• Comment number 5.

    'In the UK, the government hopes charitable giving will help plug a funding gap of up to 30%' - BBC
    We should not be relying on philanthropy at all. Any large amounts of money as suggested in the article should be above and beyond normal funding. If I were in a position to donate large amounts of money I would be far more inclined to do so if I felt this was additional money rather than money used to plug a hole that the government accepts is already there. If there is a percieved shortfall in charitable funding perhaps we ought to look at our overseas aid budget. I'm sure that the 850 millions recently given to India, a country with a space programme and nuclear capability could have been much better targetted either at home or in other parts of the world.

  • Comment number 6.

    This comment was removed because the moderators found it broke the house rules. Explain.

  • Comment number 7.

    If I answered this question I would be giving it away.

  • Comment number 8.

    This comment was removed because the moderators found it broke the house rules. Explain.

  • Comment number 9.

    Lucky Philanthropy. He is a Greek philosopher, right?

  • Comment number 10.

    All well & good this philanthropy,just so long as government uses it as an adjunct to funding society's needs,& not be tempted to regard it as a replacement source of money, & distribution of essential services.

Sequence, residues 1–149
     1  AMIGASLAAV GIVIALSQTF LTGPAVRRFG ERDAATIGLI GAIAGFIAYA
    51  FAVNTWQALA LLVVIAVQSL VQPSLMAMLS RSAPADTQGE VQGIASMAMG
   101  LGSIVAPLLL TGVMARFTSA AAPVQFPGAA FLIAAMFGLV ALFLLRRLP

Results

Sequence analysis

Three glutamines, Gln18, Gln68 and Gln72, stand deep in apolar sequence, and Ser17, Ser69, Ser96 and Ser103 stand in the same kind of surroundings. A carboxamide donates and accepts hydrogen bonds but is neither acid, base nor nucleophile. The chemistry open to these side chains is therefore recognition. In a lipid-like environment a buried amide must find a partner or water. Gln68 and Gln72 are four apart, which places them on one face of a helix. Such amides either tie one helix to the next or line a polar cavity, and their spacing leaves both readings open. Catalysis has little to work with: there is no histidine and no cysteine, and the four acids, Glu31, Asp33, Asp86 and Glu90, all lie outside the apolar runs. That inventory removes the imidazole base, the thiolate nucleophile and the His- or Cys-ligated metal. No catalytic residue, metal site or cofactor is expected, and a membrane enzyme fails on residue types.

Time will tell??





  • Comment number 11.

    Somebody please put me out of my misery & make the compulsory stamp-collecting joke.

  • Comment number 12.

    As long as there remain philanthropists, governments will continue 'to duck'!

  • Comment number 13.

    For the landed inherited wealthy of the UK and our city public school slickers it is something to be avoided like the Plague.

    The US has always had an admirable history of philanthropy which unlike some less welcome imports has never made it's way across the pond!

  • Comment number 14.

    Of course it is better these people direct their wealth to good causes, far better that spending on drugs, etc or just leaving it all to their children which often ends in disaster. If they want a hospital or school named after them I have no problem with that. Unfortunately in UK we seem to be far less generous that the US and giving away the excess wealth

  • Comment number 15.

    Do those who support capitalism and charity at the same time not realise the evident contradiction?

    Capitalism has necessitated the need for charity because of its inherent inequality.

    I am not a socialist but i despair at the blindness of people to this issue.

  • Comment number 16.

    As long as it doesn't benefit the government in any way whatsoever I don't care.

  • Comment number 17.